Three Quarter Horses, a stillborn filly (horse No. 1), a female fetus aborted at approximately 6 months of gestation (horse No. 2), and a 1-month-old colt that had been weak at birth (horse No. 3), had myopathy characterized histologically by large spherical or ovoid inclusions in skeletal and cardiac myofibers. Smaller inclusions were also found in brain and spinal cord and in some cells of all other tissues examined. These inclusions were basophilic, red-purple after staining with periodic acid-Schiff (both before and after digestion with diastase), and moderately dark blue after staining with toluidine blue. The inclusions did not react when stained with Congo red. Staining with iodine ranged from pale blue to black. Their ultrastructural appearance varied from amorphous to somewhat filamentous. On the basis of staining characteristics and diastase resistance, we concluded that these inclusions contained amylopectin. A distinctly different kind of inclusion material was also present in skeletal muscle and tongue of horse Nos. 1 and 3. These inclusions were crystalline with a sharply defined ultrastructural periodicity. The crystals were eosinophilic and very dark blue when stained with toluidine blue but did not stain with iodine. Crystals sometimes occurred freely within the myofibers but more often were encased by deposits of amylopectin. This combination of histologic and ultrastructural features characterizes a previously unreported storage disease in fetal and neonatal Quarter Horses, with findings similar to those of glycogen storage disease type IV. We speculate that a severe inherited loss of glycogen brancher enzyme activity may be responsible for these findings. The relation of amylopectinosis to the death of the foals is unknown.  (+info)

(6/1979) Whence the arthrogrypotics?

During the course of a nation-wide survey of patients with bone and joint deformities, twenty-six individuals with arthrogryposis multiplex congenita, in the narrow and precise sense of the term, were investigated. No patient was more than twenty-four years of age. However, on a basis of the figures of population, it can be estimated that 21-0 +/- 6-5 older affected individuals should have been encountered. Furthermore, there was a relative excess of younger children. The series was reasonably unbiased, and as arthrogryposis is non-lethal the deficiency of affected adults is an anomalous finding. It is tentatively suggested that arthrogryposis might result from the intra-uterine influence of an unknown environmental agent which has been present in South Africa for only a limited period of time. Detection of this factor could be an important step in the prevention of the disease.  (+info)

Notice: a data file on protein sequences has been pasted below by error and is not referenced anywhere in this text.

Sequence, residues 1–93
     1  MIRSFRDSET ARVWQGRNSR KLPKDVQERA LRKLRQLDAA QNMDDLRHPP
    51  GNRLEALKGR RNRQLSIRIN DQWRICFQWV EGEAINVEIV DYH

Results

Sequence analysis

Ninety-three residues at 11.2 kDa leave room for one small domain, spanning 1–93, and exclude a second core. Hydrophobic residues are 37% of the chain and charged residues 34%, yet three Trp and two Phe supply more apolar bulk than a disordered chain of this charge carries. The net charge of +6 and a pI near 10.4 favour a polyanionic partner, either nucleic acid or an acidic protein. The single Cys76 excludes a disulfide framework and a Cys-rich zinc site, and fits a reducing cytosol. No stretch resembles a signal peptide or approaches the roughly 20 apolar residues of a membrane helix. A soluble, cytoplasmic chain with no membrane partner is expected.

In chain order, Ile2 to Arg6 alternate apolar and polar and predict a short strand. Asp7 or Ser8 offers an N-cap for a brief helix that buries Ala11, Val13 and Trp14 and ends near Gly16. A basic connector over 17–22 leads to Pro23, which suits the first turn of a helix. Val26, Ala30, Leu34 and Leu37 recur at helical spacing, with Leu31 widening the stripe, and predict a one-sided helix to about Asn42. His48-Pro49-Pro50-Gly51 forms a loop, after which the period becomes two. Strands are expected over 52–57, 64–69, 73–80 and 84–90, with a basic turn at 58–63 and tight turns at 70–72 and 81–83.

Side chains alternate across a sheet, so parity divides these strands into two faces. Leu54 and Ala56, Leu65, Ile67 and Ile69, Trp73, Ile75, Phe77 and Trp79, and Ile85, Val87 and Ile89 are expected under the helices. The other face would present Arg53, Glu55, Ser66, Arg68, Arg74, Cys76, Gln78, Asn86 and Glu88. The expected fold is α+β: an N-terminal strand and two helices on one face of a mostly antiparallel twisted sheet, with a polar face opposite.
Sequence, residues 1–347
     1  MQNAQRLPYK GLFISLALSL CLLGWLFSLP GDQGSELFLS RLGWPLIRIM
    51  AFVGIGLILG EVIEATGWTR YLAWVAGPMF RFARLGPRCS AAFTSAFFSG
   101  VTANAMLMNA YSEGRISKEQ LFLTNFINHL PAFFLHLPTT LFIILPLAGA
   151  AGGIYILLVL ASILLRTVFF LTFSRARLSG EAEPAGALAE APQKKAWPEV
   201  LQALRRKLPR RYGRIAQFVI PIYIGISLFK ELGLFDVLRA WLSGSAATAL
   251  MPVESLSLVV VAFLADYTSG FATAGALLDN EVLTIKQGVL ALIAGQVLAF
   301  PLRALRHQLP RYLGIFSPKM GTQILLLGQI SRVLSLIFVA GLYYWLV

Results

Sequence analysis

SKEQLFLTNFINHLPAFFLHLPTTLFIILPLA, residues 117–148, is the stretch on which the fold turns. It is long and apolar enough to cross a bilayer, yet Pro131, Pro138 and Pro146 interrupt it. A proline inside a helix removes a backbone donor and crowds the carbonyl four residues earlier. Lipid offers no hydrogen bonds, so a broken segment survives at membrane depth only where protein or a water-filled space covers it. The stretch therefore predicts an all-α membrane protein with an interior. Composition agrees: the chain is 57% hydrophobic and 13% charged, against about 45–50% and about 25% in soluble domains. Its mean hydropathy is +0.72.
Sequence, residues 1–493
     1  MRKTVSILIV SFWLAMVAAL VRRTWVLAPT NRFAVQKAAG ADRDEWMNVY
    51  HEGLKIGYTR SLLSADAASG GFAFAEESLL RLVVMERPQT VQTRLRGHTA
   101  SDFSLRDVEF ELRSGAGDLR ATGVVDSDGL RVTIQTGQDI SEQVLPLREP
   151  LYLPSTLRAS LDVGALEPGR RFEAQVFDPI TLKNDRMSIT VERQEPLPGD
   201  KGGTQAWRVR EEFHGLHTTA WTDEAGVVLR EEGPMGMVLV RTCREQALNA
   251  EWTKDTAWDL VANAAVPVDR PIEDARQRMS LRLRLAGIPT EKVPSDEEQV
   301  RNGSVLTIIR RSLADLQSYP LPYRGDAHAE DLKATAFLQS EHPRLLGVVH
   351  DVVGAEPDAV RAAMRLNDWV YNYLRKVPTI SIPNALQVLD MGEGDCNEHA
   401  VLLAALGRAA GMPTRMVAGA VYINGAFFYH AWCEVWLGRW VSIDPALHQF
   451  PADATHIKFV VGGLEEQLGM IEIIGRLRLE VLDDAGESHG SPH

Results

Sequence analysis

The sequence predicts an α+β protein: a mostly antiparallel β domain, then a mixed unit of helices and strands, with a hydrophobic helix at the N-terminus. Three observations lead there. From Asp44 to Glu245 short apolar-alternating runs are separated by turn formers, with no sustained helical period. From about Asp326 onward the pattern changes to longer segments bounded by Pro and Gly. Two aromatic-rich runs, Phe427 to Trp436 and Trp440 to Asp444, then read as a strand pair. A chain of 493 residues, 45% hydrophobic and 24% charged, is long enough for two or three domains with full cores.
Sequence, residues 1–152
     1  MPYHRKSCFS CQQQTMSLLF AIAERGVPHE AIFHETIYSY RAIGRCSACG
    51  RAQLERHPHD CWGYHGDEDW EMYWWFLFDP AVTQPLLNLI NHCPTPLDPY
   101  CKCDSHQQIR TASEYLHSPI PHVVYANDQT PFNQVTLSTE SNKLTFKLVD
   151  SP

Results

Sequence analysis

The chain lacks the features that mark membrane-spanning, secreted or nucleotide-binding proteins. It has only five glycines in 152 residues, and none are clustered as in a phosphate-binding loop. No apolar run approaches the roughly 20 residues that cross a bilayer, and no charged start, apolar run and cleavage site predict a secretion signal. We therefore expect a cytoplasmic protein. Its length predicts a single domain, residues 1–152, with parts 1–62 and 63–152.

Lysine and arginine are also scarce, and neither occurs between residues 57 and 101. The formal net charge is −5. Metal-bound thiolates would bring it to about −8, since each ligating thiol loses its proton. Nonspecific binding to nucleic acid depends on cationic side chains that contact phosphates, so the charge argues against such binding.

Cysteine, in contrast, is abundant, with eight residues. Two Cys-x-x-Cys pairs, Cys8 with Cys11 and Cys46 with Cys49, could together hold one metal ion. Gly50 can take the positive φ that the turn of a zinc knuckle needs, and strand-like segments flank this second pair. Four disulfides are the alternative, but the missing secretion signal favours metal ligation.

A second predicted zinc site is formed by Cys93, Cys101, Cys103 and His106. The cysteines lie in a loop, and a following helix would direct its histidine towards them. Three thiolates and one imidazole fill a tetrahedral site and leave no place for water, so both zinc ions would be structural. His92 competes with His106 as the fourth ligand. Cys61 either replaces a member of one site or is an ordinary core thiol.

(7/1979) Neurological morbidity after fetal supraventricular tachyarrhythmia.

BACKGROUND: Fetal tachyarrhythmia is a well-documented entity which, in the absence of pharmacological intervention, may lead to congestive heart failure, fetal hydrops and eventually fetal demise. The success rate of the implemented treatment is generally measured by survival and achievement of control of the arrhythmia. We report on the occurrence of associated cerebral damage in three patients with fetal tachycardia. METHODS: We describe three patients with a history of fetal supraventricular tachyarrhythmia who developed cerebral complications in utero. RESULTS: Two patients had cerebral hypoxic-ischemic lesions and one had hemorrhagic lesions present at birth. They had developed severe congestive heart failure and fetal hydrops secondary to fetal tachyarrhythmia, and there were no other obvious causes for the cerebral pathology. Two of these patients were referred to us antenatally. Therapy was instituted and resulted in control of the tachycardia and resolution of hydrops. The third patient was referred to our clinic shortly after birth because of severe circulatory problems secondary to fetal tachyarrhythmia. CONCLUSION: From these observations, we believe that a fetus with tachyarrhythmia and subsequent hydrops is at increased risk for the development of cerebral complications, due to the circulatory disturbances and sudden changes in heart rate which may lead to fluctuations in cerebral perfusion. This would imply that it is of the utmost importance to aim at immediate and complete control of the heart rate in the treatment of fetal tachyarrhythmia.  (+info)

(8/1979) Trisomy 10: first-trimester features on ultrasound, fetoscopy and postmortem of a case associated with increased nuchal translucency.